Last Tuesday marked the end of this year’s baby loss awareness week.
Unfortunately in many ways it would seem that infant loss is still quite a taboo subject and therefore bereaved parents may find it hard to talk to family and friends about how they are feeling due to a fear of upsetting them. For some, the traumatic details of what you have been through are just too upsetting for them to hear.
Parents of an infant who has died, either through still birth or neo natel death may need or benefit from being able to talk to someone about their whole experience without fear of being judged.
Any kind of bereavement is of course upsetting to those that are left behind, but the loss of a baby, seems so much harder to accept, when such a young life is taken. So many can be affected by this devastating loss.
For the mother, who has carried the baby inside her and felt the baby grow, move, even form a little personality of their own, made plans for their future, looked forward to making memories to then suddenly have all of this taken away can feel unbearable. And if the baby has died whilst in the womb the mother has the daunting task of having to give birth to that baby, while not knowing how they will look, or as a mother how they are going to feel.
The trauma may continue, to have to say goodbye to that baby, and to leave he or she at the hospital, and to not be leaving with a car seat and the precious cargo and as you walk out you are surrounded by proud parents doing just that. Once you arrive home, you have the nursery to face, a room that you have spent time preparing, clothes and toys, arranged neatly. And of course there is the physical side, mum had a bump and now has no bump but no baby. Their milk may come in, their body may have changed and may have other physical signs of giving birth that may be painful and will need time to heal.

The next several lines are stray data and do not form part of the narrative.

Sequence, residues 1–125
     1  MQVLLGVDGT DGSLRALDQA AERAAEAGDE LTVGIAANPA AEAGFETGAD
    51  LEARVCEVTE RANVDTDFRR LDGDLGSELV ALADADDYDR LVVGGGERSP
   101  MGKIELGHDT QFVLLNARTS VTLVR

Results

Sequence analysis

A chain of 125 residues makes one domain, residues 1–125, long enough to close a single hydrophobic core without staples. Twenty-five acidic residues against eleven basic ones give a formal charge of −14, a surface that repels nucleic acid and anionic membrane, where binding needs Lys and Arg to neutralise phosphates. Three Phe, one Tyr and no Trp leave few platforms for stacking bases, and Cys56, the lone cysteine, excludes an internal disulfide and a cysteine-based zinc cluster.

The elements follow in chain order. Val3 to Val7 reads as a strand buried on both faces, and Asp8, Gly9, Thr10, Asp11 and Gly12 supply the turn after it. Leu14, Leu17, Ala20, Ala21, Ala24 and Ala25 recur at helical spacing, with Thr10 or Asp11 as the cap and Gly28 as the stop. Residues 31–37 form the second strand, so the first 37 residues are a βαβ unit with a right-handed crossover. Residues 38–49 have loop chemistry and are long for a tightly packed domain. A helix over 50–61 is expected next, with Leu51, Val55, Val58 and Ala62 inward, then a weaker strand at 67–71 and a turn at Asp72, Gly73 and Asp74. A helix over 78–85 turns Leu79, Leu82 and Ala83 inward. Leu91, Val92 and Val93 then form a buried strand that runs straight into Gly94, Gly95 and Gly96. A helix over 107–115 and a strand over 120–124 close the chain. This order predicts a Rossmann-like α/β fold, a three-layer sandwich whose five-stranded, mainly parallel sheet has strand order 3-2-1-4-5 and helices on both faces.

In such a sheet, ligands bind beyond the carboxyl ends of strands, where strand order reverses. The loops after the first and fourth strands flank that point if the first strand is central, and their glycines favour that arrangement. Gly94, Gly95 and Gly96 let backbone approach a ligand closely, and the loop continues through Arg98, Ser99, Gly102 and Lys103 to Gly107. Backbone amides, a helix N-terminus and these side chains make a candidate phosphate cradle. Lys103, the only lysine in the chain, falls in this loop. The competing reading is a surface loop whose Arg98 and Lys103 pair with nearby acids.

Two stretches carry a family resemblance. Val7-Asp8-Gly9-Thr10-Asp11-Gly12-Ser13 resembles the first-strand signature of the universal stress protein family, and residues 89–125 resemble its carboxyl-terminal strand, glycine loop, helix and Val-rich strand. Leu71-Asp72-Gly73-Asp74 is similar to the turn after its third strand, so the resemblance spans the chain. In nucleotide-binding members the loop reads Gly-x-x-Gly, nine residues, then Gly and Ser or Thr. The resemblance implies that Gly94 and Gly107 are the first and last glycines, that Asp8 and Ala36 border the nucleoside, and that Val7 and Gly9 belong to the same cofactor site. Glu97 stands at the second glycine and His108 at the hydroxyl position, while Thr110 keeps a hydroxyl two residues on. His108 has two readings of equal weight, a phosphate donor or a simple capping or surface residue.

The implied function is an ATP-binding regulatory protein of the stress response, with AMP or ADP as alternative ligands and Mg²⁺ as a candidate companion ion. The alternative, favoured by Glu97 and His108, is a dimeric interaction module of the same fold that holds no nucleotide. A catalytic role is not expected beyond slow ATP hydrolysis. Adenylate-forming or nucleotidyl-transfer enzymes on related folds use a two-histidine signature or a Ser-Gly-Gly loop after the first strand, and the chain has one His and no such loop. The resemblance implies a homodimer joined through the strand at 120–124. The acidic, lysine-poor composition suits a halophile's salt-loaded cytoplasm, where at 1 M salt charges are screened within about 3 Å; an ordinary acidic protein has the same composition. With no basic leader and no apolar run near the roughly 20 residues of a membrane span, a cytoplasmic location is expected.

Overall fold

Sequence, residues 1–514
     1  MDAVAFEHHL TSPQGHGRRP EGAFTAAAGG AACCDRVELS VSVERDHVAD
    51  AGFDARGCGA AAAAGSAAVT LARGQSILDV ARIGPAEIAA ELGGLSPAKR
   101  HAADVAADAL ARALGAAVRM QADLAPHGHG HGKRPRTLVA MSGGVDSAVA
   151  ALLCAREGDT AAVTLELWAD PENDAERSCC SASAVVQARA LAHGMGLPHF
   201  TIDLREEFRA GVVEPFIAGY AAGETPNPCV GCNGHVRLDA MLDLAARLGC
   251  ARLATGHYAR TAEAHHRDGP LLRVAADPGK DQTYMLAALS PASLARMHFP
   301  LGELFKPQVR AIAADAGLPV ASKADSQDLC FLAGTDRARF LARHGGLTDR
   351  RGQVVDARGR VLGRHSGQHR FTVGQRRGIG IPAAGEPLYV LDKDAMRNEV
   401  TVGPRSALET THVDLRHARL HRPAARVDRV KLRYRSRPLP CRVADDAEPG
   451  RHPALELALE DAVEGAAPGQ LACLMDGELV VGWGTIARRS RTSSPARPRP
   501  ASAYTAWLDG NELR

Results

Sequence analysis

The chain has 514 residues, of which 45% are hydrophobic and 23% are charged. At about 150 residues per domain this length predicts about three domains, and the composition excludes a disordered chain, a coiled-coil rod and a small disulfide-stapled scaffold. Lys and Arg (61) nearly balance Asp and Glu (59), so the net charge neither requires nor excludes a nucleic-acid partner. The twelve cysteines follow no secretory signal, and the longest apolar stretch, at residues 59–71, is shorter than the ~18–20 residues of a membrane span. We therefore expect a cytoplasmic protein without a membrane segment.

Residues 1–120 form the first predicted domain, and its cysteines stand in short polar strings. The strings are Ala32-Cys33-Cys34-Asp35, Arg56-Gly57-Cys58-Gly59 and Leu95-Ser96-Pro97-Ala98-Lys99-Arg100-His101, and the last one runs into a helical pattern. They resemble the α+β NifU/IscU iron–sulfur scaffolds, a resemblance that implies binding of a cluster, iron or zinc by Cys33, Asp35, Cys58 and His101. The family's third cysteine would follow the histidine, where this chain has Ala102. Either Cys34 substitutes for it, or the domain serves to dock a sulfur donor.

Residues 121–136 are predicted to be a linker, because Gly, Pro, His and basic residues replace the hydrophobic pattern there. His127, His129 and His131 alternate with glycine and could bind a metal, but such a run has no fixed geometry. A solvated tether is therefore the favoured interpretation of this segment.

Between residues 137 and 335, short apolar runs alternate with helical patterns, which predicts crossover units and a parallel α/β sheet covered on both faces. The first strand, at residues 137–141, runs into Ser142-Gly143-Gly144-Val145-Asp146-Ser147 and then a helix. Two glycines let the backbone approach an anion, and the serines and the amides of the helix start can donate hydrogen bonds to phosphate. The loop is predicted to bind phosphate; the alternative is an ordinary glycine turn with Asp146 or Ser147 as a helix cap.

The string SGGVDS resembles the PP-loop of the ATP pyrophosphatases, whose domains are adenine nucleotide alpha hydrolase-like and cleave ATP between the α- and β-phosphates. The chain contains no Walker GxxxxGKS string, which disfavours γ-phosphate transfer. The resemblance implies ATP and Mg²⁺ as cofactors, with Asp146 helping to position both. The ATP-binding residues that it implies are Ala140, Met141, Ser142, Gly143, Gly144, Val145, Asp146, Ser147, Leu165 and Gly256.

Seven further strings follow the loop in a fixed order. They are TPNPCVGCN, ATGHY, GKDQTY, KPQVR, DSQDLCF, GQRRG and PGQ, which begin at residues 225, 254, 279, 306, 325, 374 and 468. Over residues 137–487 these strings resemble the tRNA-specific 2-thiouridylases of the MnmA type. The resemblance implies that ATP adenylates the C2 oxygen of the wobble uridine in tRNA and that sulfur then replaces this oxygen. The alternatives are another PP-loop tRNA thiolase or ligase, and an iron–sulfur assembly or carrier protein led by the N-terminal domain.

The other parent of this child also had the exciting future to look forward to, suddenly shattered. They have also had to deal with watching their partner, having to go through childbirth. This of course can be a very stressful experience for a partner at the best of times but if it is known that the baby has died this must add to the trauma. And they of course, have the devastating experience of having to say good-bye to their baby too and to arrive home without their child. A lot of partners feel they need to be strong and this can be a hard pressure to bear. It may also be expected for them to return to work quite quickly, as they seemingly do not have the physical affects that need to be healed. Again what a pressure for the partner, to have to return to work, almost like nothing has changed.
The grand parents of the new grandchild will also have been excited, making all of the future plans, looking forward to making memories, but when that baby dies, they not only have to mourn this loss, but also have to watch their own children go through one of the most painful experiences anyone could go through. Throughout their lives, bringing them up they have helped and advised that child on life events but when such a tragedy happens they don’t know how to help, what to say. This time, they cannot make it better.
Subsequent pregnancies and children.
When you have been through such a rare experience it makes you realise that these things do happen and this in turn can make subsequent pregnancies a very worrying time, as can giving birth, as you may have serious concerns that this could happen again.
If in the future you are fortunate enough to give birth to a gorgeous, healthy baby that has arrived safely, the worry may then continue as that child grows up, and the parents having to try to manage the constant fear that something could happen again.
Anyone affected by baby loss, can benefit from speaking to a professional. Through seeing a qualified counsellor, a bereaved parent can talk about their baby, without fear of shocking, upsetting or even offending who they are talking to. Having the time and space to be able to talk through their experience, their feelings without judgement can help. Some may need this soon after the death of their baby; others may not feel ready or able until many years after.
Written by Karen Batchelor.